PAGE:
One thing we all agreed on was that the G8 was a very comfortable and likable car for the nearly 300-mile trip. The only 6-footer in our group sat in back the whole time and said he had plenty of room. He also liked the adjustable rear air-conditioning vents.

I've always liked the G8's front seats (the driver seat kept me content on a 7-hour drive from the Napa Valley), and on this trip, my front passenger offered a similar review. But he criticized the G8's brittle dash plastic, which seems out of character with the otherwise decent cabin materials. The harsh afternoon light was unforgiving, highlighting all the scuff marks in a test car that has been driven by 20-odd editors. (Go ahead, scold us again.)

We reached consensus on ride quality: It's good. The G8 is compliant enough that both friends fell asleep on the ride back, yet it's controlled over most bumps and joints. I wish the steering had a little more weight to it on-center, though.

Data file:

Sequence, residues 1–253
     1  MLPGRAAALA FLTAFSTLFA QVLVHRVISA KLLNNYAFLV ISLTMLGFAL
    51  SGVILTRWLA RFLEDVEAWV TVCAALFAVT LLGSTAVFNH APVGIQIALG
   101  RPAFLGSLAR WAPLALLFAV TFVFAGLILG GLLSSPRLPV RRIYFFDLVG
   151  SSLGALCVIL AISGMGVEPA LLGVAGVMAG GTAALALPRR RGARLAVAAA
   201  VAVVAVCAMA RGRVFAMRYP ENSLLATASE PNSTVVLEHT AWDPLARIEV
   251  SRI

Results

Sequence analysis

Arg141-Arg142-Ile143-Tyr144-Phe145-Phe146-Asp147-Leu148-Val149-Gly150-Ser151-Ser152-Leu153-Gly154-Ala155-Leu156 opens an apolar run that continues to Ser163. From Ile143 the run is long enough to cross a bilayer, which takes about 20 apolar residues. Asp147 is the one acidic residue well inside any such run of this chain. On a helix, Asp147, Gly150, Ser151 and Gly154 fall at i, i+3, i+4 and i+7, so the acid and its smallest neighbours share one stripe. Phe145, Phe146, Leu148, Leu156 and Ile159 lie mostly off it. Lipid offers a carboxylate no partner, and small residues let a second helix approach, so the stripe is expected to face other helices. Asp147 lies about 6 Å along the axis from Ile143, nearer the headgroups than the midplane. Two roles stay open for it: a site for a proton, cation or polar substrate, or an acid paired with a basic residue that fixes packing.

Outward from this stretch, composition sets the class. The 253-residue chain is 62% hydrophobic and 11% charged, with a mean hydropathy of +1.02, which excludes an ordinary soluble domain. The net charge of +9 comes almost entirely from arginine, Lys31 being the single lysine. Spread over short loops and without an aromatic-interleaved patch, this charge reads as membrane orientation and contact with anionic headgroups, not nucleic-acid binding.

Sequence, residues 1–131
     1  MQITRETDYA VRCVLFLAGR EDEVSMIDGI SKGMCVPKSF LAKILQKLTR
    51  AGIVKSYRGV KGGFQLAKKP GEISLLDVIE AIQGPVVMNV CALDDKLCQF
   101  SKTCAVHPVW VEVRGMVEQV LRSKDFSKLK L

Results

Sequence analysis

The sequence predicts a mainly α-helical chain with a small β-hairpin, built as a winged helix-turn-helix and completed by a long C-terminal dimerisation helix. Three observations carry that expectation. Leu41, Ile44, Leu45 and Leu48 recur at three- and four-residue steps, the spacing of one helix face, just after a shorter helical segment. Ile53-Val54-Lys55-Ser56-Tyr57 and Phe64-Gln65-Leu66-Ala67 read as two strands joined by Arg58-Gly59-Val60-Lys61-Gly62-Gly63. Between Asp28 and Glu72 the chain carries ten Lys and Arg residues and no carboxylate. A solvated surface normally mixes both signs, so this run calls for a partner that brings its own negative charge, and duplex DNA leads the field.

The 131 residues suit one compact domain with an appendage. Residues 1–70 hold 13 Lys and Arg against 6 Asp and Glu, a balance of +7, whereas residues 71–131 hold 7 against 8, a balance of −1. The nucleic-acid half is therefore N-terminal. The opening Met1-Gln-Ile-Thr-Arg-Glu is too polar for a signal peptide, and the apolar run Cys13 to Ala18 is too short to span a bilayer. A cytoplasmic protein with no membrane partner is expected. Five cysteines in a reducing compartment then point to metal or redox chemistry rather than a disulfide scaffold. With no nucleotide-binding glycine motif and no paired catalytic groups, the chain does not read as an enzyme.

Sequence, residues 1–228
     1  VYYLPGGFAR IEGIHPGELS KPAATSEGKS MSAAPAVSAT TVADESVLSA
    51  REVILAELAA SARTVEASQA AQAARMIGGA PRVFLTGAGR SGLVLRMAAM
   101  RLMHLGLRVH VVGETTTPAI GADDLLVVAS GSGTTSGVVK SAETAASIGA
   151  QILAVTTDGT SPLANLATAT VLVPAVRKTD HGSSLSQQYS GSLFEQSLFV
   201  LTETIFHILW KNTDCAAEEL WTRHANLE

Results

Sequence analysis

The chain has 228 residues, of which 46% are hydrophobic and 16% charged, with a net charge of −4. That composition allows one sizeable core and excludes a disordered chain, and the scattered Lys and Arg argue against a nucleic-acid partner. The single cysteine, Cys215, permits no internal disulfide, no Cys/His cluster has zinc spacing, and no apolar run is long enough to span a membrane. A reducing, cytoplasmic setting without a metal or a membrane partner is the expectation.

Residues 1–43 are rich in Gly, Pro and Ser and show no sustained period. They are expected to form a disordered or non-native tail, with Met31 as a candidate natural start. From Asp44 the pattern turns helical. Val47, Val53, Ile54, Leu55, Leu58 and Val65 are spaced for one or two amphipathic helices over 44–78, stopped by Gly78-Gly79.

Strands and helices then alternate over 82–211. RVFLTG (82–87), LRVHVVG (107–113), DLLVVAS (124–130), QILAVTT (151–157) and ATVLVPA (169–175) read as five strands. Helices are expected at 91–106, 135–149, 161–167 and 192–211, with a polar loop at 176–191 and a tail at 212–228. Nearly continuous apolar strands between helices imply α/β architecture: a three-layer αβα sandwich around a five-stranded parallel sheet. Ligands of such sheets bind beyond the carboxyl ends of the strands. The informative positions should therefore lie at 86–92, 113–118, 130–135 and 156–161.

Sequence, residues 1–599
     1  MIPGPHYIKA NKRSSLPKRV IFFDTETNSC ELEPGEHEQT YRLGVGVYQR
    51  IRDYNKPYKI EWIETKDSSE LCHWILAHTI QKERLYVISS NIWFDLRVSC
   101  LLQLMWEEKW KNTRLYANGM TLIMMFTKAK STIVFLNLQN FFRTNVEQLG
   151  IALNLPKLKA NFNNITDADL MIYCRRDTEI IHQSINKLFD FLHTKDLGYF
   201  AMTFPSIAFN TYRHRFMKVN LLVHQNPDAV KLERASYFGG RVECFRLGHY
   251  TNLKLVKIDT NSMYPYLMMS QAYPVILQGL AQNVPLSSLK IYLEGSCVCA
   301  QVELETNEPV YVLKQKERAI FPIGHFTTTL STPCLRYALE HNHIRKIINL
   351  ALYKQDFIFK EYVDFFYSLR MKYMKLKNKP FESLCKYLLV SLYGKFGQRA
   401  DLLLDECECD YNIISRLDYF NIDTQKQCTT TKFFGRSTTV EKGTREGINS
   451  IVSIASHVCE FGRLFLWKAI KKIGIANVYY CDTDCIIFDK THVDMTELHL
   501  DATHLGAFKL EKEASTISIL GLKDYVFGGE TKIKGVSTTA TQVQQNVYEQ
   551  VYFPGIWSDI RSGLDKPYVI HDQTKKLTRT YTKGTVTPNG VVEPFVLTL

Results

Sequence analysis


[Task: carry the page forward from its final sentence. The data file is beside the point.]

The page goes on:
The cabin is fairly quiet on the highway. Well, at least it is until you execute a full-throttle passing maneuver and the big Pontiac finally develops an exhaust note. I averaged 22 mpg.

Erin Riches, Senior Editor @ 24,454 miles

Unreliable Compass

July 07, 2009

We've already written about how the autodimming rearview mirror in our long-term 2008 Pontiac G8 GT vibrates at highway speeds and has that distracting passenger airbag light (a consequence of it being an Australian car hastily retrofitted for the U.S. market). But I'll bring up one more issue: The compass is unreliable.

On several occasions over the holiday weekend, the compass would get "stuck" in one particular direction and cease to be of any use for 5 minutes at a time.